If your child is accused of a crime, a great deal is at stake. Depending on the details of the case and its resolution, the consequences of a teenager’s criminal behavior can follow that young person into adulthood – and cause lasting difficulties. Can a Denver drug crimes lawyer help?

In the state of Colorado, can a juvenile offender’s criminal record be used against that person as an adult? Probably not in most cases, but there really is not a clear “yes or no” answer to the question. The best answer is this: “It depends.”

But keep reading, because this is a brief introduction to the laws and procedures that govern juvenile records in Colorado. You are about to learn:

1. which juvenile records are automatically sealed and expunged – and which are not
2. what sealing or expunging a juvenile record really means and accomplishes

WHICH CRIMINAL RECORDS CAN BE SEEN BY THE PUBLIC?

Most Colorado criminal justice records are available to the public under the Colorado Open Records Act. Some limits are placed on the public’s access to juvenile records, but if you are an adult with a juvenile record, you need to know the law, and you may need to take some action.

In 2017, Colorado Governor John Hickenlooper signed a bill into law which automatically expunges the juvenile records of teens who were acquitted, had the case dismissed, or have completed their sentences – for misdemeanors and petty offenses.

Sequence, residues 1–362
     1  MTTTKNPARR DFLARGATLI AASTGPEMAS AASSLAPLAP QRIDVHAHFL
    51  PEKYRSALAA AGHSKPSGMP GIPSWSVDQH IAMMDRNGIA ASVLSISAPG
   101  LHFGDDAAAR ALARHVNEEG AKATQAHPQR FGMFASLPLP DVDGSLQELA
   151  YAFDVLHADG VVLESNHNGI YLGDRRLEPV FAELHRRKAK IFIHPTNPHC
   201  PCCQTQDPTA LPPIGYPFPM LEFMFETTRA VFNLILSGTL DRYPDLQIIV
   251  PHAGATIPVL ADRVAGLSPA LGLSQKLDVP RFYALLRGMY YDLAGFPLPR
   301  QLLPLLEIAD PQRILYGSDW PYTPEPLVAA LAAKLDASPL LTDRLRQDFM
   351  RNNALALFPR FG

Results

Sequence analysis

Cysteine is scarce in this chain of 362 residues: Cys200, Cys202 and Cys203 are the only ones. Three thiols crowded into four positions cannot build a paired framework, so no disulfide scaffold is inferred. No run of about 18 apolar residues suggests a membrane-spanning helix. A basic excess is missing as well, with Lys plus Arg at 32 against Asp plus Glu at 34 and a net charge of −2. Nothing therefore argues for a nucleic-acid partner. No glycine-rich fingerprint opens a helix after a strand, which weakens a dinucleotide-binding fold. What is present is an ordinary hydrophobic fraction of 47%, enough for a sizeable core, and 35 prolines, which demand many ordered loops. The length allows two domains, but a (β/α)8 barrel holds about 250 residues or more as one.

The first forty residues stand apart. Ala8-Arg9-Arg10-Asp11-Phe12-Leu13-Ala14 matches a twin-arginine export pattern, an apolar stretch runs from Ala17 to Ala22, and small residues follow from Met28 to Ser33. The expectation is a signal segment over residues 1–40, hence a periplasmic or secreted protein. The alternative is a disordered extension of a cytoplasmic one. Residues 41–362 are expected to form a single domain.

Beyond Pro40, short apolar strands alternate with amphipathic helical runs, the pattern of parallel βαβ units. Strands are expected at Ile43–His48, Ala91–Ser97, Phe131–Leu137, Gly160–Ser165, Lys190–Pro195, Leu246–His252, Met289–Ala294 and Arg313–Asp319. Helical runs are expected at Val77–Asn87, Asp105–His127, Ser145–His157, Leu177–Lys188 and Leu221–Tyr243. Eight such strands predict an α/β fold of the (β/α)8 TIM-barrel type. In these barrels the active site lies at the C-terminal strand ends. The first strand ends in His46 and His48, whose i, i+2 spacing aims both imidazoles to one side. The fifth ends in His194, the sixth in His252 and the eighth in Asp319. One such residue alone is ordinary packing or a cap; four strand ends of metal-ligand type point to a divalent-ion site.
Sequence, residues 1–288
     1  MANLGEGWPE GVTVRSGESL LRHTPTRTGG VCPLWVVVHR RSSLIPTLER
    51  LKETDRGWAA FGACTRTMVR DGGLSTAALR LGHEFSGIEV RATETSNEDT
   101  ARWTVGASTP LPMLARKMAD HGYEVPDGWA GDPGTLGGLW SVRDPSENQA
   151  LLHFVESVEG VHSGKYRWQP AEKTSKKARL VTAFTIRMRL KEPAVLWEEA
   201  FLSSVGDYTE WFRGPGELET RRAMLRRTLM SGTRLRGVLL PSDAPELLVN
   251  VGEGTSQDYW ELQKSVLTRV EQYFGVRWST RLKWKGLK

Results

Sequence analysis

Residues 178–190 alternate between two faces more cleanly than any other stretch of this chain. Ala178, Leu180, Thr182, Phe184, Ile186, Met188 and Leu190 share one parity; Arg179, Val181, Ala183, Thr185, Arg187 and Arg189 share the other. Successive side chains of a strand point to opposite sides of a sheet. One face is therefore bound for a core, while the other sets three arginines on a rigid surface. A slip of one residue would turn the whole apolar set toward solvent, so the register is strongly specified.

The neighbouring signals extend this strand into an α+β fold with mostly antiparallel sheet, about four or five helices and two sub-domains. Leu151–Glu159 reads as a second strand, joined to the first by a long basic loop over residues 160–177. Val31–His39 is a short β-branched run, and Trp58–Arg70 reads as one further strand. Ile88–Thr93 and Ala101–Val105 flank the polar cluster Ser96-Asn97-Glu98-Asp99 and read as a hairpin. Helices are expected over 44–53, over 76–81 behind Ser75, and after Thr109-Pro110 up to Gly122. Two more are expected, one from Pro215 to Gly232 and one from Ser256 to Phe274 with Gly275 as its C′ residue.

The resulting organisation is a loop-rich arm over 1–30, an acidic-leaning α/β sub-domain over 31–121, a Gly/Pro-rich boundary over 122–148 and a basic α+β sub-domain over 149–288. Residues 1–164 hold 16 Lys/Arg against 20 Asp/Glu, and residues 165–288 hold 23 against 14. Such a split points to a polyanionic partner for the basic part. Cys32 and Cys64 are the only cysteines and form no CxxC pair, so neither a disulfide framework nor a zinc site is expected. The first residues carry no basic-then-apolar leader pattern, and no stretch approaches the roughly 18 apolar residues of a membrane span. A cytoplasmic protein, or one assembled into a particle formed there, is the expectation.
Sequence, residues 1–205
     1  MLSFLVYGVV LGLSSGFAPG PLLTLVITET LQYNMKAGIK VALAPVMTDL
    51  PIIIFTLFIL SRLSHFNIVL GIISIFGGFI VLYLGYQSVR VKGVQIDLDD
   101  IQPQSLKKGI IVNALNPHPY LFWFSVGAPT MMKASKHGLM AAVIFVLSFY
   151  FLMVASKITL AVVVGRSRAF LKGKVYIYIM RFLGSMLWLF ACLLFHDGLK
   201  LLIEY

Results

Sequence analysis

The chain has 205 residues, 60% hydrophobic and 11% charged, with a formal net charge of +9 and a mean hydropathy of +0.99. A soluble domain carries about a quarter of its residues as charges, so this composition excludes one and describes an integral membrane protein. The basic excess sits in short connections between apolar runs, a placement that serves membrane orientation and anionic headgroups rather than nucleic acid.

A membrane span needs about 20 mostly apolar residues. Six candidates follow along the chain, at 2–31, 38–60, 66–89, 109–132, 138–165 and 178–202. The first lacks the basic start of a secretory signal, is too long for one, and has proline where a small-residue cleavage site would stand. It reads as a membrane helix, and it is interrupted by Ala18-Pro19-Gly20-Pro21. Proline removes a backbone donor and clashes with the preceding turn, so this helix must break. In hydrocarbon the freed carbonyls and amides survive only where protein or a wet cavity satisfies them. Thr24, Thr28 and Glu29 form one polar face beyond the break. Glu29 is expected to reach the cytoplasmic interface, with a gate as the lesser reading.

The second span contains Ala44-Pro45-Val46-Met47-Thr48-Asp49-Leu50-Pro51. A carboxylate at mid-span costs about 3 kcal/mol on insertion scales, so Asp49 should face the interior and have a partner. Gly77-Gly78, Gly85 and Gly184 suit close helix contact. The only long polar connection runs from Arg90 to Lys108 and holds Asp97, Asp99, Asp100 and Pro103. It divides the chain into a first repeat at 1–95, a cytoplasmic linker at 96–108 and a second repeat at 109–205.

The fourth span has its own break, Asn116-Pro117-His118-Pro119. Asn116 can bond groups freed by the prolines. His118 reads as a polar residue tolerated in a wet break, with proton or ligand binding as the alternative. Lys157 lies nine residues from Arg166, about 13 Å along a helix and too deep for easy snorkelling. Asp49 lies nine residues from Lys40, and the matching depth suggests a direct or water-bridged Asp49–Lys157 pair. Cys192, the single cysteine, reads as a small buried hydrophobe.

WHICH COLORADO JUVENILE RECORDS CANNOT BE EXPUNGED?

The law in Colorado, however, continues making the most egregious juvenile offenders ineligible for expungement, including anyone who has been adjudicated:

1. as a repeat, violent, or aggravated juvenile offender
2. for a homicide or vehicular homicide as a juvenile offender
3. for a felony offense involving unlawful sexual behavior

The law which took effect in 2017 requires the state to provide juvenile offenders with a written notice that they have a right to expungement and the expungement process. Additionally, the law prevents prosecutors from asking juvenile defendants to waive that right in a plea negotiation.

WHAT CAN HAPPEN WHEN A JUVENILE RECORD IS NOT EXPUNGED?

But apart from the legally-required notification of the right to expungement, Colorado does not tell young people any additional legal details about their juvenile records – or about the ways that a person’s juvenile record can be used against that person as an adult.

A juvenile record that has not been expunged may adversely affect someone as an adult by significantly limiting that person’s educational and employment opportunities.

Information about juvenile arrests and convictions is sometimes made available to government agencies and other parties, but only in the narrowest and most limited circumstances.

WHO CAN SEE SOMEONE’S JUVENILE RECORD – AND WHY?

Schools are entitled to any available criminal record information about a juvenile, provided that the school authorities require the information to fulfill legal responsibilities or obligations.

To “promote school safety” and “assist disruptive children,” Colorado lawmakers give the schools in this state full access to the juvenile records of the school’s students and prospective students.

Pertinent Colorado juvenile records are also made available to:

1. the Colorado Bureau of Investigation when the CBI conducts background checks for gun purchases

2. the Colorado Department of Education when it conducts background checks on prospective employees

3. the Colorado Department of Human Services

4. this state’s Assessment Centers for children

WHICH EMPLOYERS HAVE ACCESS TO JUVENILE RECORDS?